My Mobile Phone Progression: What's Coming?
When I go into work on Tuesday, one of the first things I plan to do is turn in my Blackberry, and begin the process of porting my cell phone number over to the iPhone. Within days, I expect I'll be Blackberry free for the first time in about five years. But this isn't the first cell phone product transition, and it certainly won't be the last, for me. While the iPhone, for many today, represents the "ultimate" in cell phones, something will take its place, just as has been played out time and again as technology evolves.
As users, we tend to gravitate to a specific platform and declare it the "best" or the "winner", supporting it fanatically, buying proprietary applications, and demanding everything we use synchronize with it. It's what we're doing today with the iPhone, it's what we did with the Blackberry before it, and previously, the Palm OS. Even today, I could probably write out the alphabet in Graffiti if handed a stylus.
But to pick up a Blackberry today already seems antiquated, and, with luck, even though it's been a great platform, I may not ever have one again. If I were to bring out a Handspring Visor or a Palm III or Palm V, I'd be hearkening back to the days of tech's yesteryear. And God bless those poor souls who would love to show you the capabilities of their Apple Newton. There's just no saving them.
In the fun of going through the iTunes App Store and getting new applications and games with basic features, including a bowling application, Tetris, and Bejewled, it struck me as having something of deja vu to it - as I had downloaded similar games and apps for Blackberry, and for Palm before, and maybe for a Sony Ericsson I owned for a short time. Yes, the applications are getting better, and taking advantage of new technology like multi-touch and GPS or WiFi, but once again, I'm buying apps for a single platform that I think is the best at the time.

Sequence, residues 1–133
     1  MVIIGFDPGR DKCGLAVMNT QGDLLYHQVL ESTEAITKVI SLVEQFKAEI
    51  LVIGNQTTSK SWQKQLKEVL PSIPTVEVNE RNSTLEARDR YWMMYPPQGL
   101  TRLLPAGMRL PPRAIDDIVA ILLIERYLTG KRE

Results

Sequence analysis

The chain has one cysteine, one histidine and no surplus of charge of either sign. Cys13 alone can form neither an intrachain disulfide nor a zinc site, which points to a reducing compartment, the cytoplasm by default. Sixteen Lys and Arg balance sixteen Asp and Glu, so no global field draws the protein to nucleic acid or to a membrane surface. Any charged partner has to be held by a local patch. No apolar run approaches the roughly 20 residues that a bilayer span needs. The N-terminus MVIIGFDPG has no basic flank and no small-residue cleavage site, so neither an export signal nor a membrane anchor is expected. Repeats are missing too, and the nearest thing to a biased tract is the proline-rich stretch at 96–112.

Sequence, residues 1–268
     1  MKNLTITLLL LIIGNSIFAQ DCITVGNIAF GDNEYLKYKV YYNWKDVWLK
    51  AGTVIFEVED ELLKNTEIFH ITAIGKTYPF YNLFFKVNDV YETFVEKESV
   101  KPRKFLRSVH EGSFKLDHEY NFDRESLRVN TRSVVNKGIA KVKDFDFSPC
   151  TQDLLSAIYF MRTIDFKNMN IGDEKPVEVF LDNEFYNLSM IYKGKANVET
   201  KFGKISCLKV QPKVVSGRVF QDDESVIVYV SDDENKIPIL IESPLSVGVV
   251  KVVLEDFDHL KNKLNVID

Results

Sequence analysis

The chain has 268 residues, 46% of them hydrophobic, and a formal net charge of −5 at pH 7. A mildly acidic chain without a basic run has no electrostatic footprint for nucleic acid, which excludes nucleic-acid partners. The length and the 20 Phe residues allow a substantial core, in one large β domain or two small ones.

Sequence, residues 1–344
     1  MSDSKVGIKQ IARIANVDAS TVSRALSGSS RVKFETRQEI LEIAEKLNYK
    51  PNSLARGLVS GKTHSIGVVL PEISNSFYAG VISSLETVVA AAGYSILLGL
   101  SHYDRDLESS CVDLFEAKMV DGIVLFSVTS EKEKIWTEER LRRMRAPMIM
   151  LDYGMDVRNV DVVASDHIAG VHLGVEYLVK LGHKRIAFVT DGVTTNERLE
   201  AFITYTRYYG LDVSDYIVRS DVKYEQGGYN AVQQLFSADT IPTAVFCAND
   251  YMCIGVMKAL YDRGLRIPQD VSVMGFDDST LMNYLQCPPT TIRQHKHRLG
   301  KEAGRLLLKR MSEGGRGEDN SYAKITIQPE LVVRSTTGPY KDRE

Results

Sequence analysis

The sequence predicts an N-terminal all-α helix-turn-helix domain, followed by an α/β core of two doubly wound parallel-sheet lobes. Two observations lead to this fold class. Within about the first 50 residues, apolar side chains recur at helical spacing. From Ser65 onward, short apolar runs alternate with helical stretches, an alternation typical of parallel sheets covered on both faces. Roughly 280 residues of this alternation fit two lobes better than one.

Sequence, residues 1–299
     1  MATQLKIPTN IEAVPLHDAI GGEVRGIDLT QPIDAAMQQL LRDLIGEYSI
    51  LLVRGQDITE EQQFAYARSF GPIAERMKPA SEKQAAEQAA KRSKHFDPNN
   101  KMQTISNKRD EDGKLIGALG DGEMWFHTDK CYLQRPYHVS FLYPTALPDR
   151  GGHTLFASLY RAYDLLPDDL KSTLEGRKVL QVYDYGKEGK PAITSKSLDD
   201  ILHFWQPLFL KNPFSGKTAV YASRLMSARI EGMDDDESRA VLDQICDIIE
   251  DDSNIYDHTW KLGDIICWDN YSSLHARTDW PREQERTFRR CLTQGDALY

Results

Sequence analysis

So, in three or five years time, as the iPhone has evolved, or been replaced, by Apple or others, will I still be using those applications? Probably not. Will I again be buying the same applications but on a new platform? Probably.
The fact is that there are a finite number of developers and an increasing number of places to deploy these applications. We've heard stories of what Google's Android platform will or won't be, and we've heard how developers are happy, or aren't, or how they're switching instead to write for the iPhone. Where those applications may at one time have been debated to write for Macintosh or Windows, you now also have the option to write for Windows Mobile, for Blackberry, for Android, for the iPhone, for Facebook, for Flash or for Java, to deploy on the Web, or any of the game consoles - the Playstation, the Wii, the XBox, and their portable derivatives.
Evolution always pushes forward, on the desktop, on the Web, or, in this case, in the world of mobile handhelds. And it's very rare for a single company to be the leader for more than three to five years. The Microsoft desktop monopoly has been protected for parts of three decades now, legally and illegally, and they've never achieved the same level of success in the world of handsets, as much as they wish they could. Should we expect that Apple will coddle their lead on the iPhone, as they carefully massaged their leadership with the iPod, or will they rise to this pinnacle, only to see it eroded away by one of the current players, or someone new? It takes more than developing the world's best mobile phone experience. It also takes coddling and rewarding of a vast development community to pick you ahead of all others.
As a consumer, I've won with each move. I won by going from land line to mobile phone. I won by going from a pager to my Hanspring Visor with the VisorPhone. I won by going from the VisorPhone to a Blackberry. And so far, I'm sure moving from the Blackberry to the iPhone. The question is, will my next move, in a few years, be off the iPhone, or simply to a newer model?